The Galapagos Affair
Usually, day-to-day life on the remote Galapagos Islands is as uneventful as it gets. Time is measured in geologic eras and even the human interlopers find life there to be sleepy and laid-back. That all changed in 1934, when the world's attention was drawn to the distant archipelago as a drama of murder, mystery and sex played out among the colorful inhabitants of Floreana Island.
Being billed as "Darwin meets Hitchcock", a star studded cast recreates the melodrama, climaxing in a violent still unsolved mystery.
Here are the real-life characters and the story of The Galapagos Affair:
Ritter and Strauch
In 1929, German doctor Friedrich Ritter felt the need to get out of Germany. Running off with one of his patients, Dore Strauch, he made his way to the Galapagos Islands, where he settled on Floreana Island. Floreana is an unforgiving, harsh place, but he and Strauch made a rugged home there out of volcanic rocks and twisted pieces of wood. The eccentric doctor praised a regime of hard work, a vegetarian diet and lack of creature comforts. Such a lifestyle, he said, would make a man strong. They became famous: the two lovers, alone on a remote island, carving a life out of the barren rock under the blistering island heat.
The Wittmer Family
As the fame of Ritter and Strauch spread, other settlers came to Floreana. Most of them could not hack it and left after a brief stay. A German family, Heinz and Margret Wittmer and their son, did stay.The Wittmers were not exactly friendly with Ritter and Strauch, but they tolerated and respected one another and helped each other in times of need.
Not long after the Wittmers arrived, they were followed by "the Baroness:" a young Austrian named Eloise Wehrborn de Wagner-Bosquet. She was accompanied by Rudolf Lorenz and Robert Philippson, her two German lovers: they announced their intention of building a grand hotel on Floreana. She was an attractive woman and greeted passing ships wearing a skimpy outfit complete with a whip and pistol.
She told grandiose stories and it wasn't long before ships passing through the Pacific would go out of their way to see her.
The stage was set for drama. The Wittmers and Ritter were sure the Baroness was going through their mail and spreading lies about them to passing ships. Meanwhile, Wagner-Bosquet had turned on Lorenz and Philippson began beating and abusing him regularly: he would take refuge at the Wittmer home until someone came for him, when he would sheepishly return to the Baroness. Petty conflicts among the settlers escalated until life on the island was intolerable.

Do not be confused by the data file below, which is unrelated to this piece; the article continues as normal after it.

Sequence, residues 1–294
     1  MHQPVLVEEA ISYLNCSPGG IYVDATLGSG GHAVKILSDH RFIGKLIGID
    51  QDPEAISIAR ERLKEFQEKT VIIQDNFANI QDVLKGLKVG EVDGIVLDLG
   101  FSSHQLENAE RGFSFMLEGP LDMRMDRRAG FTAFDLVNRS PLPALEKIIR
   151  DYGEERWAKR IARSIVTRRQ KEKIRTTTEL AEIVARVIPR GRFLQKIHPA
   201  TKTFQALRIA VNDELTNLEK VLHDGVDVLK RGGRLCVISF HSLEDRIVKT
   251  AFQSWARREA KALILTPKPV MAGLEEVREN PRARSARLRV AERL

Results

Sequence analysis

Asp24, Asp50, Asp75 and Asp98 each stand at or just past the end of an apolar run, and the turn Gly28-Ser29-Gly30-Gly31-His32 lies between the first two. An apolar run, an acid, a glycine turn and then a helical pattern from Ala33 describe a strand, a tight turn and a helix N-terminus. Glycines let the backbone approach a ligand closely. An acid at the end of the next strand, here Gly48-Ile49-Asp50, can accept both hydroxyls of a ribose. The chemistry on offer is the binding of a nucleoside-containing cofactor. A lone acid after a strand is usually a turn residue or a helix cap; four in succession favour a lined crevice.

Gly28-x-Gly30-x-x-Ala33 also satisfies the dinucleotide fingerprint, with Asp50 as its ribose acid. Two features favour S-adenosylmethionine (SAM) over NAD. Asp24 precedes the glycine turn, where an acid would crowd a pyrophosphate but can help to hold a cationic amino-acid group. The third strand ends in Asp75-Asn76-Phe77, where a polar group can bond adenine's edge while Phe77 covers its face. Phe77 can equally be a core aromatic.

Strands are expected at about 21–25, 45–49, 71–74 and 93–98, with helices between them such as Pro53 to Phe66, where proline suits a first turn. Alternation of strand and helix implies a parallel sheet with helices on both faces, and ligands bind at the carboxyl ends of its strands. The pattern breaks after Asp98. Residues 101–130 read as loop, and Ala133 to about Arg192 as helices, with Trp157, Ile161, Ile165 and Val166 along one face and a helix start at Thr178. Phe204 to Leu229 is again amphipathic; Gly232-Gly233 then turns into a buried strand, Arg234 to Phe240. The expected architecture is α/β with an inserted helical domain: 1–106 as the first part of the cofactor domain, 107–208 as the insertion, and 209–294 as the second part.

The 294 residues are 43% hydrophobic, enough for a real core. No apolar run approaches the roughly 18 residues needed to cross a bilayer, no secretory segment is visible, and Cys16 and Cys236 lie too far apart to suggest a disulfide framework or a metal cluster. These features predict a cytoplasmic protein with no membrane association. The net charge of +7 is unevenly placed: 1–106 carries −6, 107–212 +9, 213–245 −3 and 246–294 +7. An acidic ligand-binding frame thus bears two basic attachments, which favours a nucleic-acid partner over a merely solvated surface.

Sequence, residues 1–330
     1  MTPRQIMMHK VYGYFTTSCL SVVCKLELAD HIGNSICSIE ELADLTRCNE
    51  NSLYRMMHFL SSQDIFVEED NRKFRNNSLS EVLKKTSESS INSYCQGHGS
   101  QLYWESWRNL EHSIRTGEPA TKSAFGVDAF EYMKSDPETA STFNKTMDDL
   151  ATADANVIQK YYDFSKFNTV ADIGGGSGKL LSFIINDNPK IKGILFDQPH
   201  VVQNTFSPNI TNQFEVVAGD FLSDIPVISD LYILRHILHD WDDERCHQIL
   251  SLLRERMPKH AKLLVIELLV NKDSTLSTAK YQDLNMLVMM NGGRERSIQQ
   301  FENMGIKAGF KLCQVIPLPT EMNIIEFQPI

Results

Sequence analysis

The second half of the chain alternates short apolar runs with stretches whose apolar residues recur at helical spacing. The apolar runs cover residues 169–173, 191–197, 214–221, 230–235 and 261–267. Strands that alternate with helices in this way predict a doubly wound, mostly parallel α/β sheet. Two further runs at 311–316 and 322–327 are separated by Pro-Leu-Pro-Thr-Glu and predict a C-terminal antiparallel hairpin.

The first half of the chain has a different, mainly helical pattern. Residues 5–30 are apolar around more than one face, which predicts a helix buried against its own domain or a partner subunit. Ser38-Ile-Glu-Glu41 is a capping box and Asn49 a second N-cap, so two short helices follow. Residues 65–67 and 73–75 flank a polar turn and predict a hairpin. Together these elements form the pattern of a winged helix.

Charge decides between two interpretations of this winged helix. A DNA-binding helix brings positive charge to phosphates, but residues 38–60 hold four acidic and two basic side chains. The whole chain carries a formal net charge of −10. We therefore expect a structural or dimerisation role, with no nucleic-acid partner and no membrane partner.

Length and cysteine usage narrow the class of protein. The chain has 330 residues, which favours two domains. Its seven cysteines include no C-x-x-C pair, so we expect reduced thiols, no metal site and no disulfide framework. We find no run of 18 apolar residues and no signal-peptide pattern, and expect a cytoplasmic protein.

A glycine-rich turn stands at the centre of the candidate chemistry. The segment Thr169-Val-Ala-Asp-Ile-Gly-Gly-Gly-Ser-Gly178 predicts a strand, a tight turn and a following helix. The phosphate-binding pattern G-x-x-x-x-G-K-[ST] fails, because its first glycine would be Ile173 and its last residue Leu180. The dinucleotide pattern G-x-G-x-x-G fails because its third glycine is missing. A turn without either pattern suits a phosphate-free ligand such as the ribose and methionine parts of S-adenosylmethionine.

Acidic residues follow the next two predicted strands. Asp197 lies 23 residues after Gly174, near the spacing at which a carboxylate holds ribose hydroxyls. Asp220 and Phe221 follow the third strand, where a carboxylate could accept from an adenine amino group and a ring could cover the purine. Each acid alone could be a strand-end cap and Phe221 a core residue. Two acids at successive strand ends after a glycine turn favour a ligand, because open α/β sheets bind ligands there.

On March 27, 1934, the Baroness and Philippson disappeared. According to Margret Wittmer, they had boarded a passing yacht headed for Tahiti. The story was extremely dubious, however: there was no record of such a yacht entering Galapagos at that time and they never turned up in Tahiti (or anywhere else for that matter).
Death of Lorenz
Meanwhile, Rudolf Lorenz hurriedly attempted to get back to Germany. He hired a Norwegian fisherman named Nuggerud to take him to San Cristobal Island, where he could catch a ferry to the mainland. They both disappeared until their mummified bodies were discovered months later on arid Marchena Island.
Death of Dr. Ritter
Just a few months later, in November, Dr. Ritter died, apparently of food poisoning after eating some poorly preserved chicken. According to the Wittmers, he said before dying that Dore Strauch had poisoned him: Strauch always denied it. She left Galapagos not long after and returned to Germany, where she wrote a book about her experiences.
What Happened on Floreana?
The mystery of the Galapagos affair has never been solved. Margret Wittmer died in 2000. She stuck to her story about the boat for Tahiti her whole life (although she loved dropping hints that she knew more than she was letting on). Dore Strauch claimed that she and Dr. Ritter were certain that Lorenz had murdered Phillipson and Wagner-Bosquet and that the Wittmers had helped him cover it up. No one knows how Nuggerud and Lorenz ended up on Marchena, which was far away from their destination of San Cristobal. It will probably always remain a mystery, too, unless some new information comes to light!